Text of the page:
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Hypothesis settings and methods for gene expression meta-analysis

Song, Chi (2012) Hypothesis settings and methods for gene expression meta-analysis. Doctoral Dissertation, University of Pittsburgh. (Unpublished)

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With the advent of high-throughput technologies, biomedical research has been dramatically reshaped in the past two decades. Technologies such as microarrays are broadly utilized to study the relationship between genomic alterations and disease outcomes. However, genomic analyses are criticized for their low reproducibility and generalizability. Large-scale meta-analysis of multiple studies is a timely and important issue with great public health significance, because robust biomarkers can be found for complex human diseases such as major depression disorder using meta-analysis techniques. Accurate marker detection will improve the disease diagnosis, treatment selection and prognosis prediction.
In this dissertation, I first illustrate different hypothesis settings for two different types of biomarkers: biomarkers that are differentially expressed (DE) “in all” studies and biomarkers that are DE “in any” studies. Then I propose a robust setting HSr to detect genes differentially expressed (DE) “in majority of” studies. For HSr, I propose an order statistic of p-values (rth order p-value, rOP) across combined studies as the test statistic. I also explore statistical properties such as power and asymptotic behavior of rOP. The method is applied to three examples to demonstrate its robustness and sensitivity. I develop two methods to guide the selection of r.
The non-complementary property of HSr causes anti-conservative inferences. To overcome this, I propose HS′r as a complementary form of HSr. For HS′r, the major obstacle comes from the mixture nature of the null distribution. From a Bayesian point of view, I propose a semiparametric mixture model for the observed p-values in combined studies. A Bayes factor is calculated based on the posterior distribution to substitute traditional hypothesis testing for HS′r. I also develop an expectation-maximization (EM) algorithm to fit this model. Simulation results and real data analysis show improved specificity and sensitivity of this novel approach compared to traditional methods.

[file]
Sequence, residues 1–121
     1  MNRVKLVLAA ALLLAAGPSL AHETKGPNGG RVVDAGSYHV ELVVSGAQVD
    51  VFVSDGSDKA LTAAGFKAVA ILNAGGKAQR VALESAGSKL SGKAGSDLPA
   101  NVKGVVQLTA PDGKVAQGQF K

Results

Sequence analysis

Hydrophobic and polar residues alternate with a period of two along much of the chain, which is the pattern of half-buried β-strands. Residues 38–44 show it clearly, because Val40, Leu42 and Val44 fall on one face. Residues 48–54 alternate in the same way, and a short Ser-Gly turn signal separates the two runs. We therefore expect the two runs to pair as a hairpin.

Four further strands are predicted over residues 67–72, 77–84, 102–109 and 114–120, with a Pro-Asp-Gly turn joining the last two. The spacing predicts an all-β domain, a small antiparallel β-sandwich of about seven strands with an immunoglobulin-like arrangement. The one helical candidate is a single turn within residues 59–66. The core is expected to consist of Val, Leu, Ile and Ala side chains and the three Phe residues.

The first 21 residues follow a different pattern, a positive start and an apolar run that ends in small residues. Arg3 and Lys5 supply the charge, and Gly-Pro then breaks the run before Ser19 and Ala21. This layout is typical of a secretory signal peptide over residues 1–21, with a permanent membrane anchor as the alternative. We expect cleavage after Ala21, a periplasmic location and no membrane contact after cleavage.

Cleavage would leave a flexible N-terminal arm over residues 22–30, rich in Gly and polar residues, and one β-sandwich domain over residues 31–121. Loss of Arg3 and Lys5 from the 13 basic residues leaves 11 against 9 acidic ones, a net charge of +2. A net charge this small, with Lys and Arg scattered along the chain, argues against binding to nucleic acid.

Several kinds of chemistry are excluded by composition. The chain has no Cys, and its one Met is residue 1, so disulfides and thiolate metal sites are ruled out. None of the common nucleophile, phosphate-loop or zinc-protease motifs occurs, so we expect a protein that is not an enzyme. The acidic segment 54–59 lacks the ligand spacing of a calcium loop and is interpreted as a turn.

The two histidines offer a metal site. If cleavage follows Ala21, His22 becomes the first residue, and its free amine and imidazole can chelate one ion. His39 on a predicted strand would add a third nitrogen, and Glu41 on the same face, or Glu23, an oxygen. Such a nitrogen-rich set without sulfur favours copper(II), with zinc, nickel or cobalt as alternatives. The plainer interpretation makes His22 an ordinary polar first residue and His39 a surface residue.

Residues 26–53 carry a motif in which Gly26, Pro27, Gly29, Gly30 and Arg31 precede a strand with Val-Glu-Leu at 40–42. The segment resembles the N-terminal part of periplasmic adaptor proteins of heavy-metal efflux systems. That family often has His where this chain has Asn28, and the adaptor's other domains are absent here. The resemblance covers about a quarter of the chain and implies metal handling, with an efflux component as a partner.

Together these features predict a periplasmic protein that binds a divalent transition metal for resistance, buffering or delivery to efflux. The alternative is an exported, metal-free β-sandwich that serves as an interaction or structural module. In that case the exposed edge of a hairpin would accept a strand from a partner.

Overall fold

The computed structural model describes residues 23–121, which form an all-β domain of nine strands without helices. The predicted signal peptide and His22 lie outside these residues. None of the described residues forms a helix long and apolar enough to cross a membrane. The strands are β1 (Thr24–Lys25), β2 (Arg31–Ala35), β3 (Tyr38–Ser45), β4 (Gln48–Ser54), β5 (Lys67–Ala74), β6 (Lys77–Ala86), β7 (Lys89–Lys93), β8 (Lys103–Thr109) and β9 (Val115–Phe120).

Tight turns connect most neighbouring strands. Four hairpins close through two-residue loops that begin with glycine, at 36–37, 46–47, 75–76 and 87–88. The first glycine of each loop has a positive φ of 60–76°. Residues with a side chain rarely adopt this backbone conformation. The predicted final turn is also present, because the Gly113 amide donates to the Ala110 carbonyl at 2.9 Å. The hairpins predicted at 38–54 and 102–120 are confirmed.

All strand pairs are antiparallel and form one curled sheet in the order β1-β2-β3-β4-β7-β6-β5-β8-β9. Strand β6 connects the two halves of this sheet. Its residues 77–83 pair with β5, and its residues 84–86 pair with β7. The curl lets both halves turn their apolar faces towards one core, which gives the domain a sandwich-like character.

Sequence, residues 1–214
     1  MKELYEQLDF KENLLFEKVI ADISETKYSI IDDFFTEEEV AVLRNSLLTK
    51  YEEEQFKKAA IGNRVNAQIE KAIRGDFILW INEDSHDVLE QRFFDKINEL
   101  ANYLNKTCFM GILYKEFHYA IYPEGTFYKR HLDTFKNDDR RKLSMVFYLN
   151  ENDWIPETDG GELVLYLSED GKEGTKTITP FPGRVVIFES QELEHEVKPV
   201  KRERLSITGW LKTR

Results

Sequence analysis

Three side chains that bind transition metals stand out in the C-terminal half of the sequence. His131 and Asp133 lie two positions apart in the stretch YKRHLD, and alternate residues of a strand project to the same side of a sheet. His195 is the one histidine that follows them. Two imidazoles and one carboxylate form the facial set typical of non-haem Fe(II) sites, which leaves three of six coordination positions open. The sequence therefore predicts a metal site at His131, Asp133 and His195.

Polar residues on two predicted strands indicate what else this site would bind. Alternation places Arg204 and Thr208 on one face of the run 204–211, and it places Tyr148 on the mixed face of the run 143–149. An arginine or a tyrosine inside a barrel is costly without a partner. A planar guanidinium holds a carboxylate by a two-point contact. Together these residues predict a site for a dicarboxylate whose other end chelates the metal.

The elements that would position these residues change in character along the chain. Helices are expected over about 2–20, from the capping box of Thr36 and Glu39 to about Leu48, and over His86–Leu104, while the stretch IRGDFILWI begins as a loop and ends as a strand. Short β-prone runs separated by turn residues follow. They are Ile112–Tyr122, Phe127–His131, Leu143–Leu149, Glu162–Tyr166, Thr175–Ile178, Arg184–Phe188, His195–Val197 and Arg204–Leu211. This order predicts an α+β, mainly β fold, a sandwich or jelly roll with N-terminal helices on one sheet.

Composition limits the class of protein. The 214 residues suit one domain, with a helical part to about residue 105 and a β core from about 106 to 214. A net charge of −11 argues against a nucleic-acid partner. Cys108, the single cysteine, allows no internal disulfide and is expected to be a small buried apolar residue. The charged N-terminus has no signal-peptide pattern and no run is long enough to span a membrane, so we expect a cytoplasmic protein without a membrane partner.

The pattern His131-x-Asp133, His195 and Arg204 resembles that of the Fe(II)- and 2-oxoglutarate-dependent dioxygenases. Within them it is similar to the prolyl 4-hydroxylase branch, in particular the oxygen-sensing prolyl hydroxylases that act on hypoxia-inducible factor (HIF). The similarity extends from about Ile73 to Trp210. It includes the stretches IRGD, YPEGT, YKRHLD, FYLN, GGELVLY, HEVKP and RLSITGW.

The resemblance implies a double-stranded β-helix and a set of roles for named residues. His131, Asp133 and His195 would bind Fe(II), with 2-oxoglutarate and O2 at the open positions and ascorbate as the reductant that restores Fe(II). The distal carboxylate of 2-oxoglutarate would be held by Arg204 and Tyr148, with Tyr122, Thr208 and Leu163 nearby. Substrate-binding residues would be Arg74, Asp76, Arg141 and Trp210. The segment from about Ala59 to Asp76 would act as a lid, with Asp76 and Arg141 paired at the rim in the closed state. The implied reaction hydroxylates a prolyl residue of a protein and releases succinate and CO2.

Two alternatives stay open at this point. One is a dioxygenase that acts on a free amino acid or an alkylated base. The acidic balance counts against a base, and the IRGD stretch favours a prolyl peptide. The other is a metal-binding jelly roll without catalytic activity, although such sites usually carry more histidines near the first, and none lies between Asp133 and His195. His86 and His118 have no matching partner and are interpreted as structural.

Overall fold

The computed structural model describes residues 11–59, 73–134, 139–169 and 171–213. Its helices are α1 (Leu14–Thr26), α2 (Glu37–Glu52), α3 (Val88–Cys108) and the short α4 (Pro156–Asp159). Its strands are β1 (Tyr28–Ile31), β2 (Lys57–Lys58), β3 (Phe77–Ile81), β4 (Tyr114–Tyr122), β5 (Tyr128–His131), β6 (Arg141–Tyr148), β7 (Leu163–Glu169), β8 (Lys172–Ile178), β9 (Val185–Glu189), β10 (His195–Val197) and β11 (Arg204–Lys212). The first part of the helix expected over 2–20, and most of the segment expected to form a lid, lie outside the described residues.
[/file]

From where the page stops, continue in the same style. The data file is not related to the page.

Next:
Beyond meta-analysis of single genes, I also propose a framework to integrate multiple biological networks. A conservative subnetwork in a subset of datasets can be identified using our approach.
In conclusion, I discuss various interesting questions in genomic meta-analysis in this dissertation. And I provide a series of statistical tools to address them.


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Item Type: University of Pittsburgh ETD
Status: Unpublished
CreatorsEmailPitt UsernameORCID
Song, Chichs108@pitt.eduCHS108
ETD Committee:
TitleMemberEmail AddressPitt UsernameORCID
Thesis AdvisorTseng, Georgectseng@pitt.eduCTSENG
Committee MemberFeingold, Eleanorfeingold@pitt.eduFEINGOLD
Committee MemberLu, Xinghuaxinghua@pitt.eduXINGHUA
Committee MemberWeissfeld, Lisa Alweis@pitt.eduLWEIS
Date: 29 June 2012
Date Type: Completion
Defense Date: 16 April 2012
Approval Date: 29 June 2012
Submission Date: 4 April 2012
Access Restriction: 5 year -- Restrict access to University of Pittsburgh for a period of 5 years.
Number of Pages: 80
Institution: University of Pittsburgh
Schools and Programs: School of Public Health > Biostatistics
Degree: PhD - Doctor of Philosophy
Thesis Type: Doctoral Dissertation
Refereed: Yes
Uncontrolled Keywords: Meta-analysis, Microarray, Genomics
Date Deposited: 29 Jun 2012 21:20
Last Modified: 29 Jun 2017 05:15

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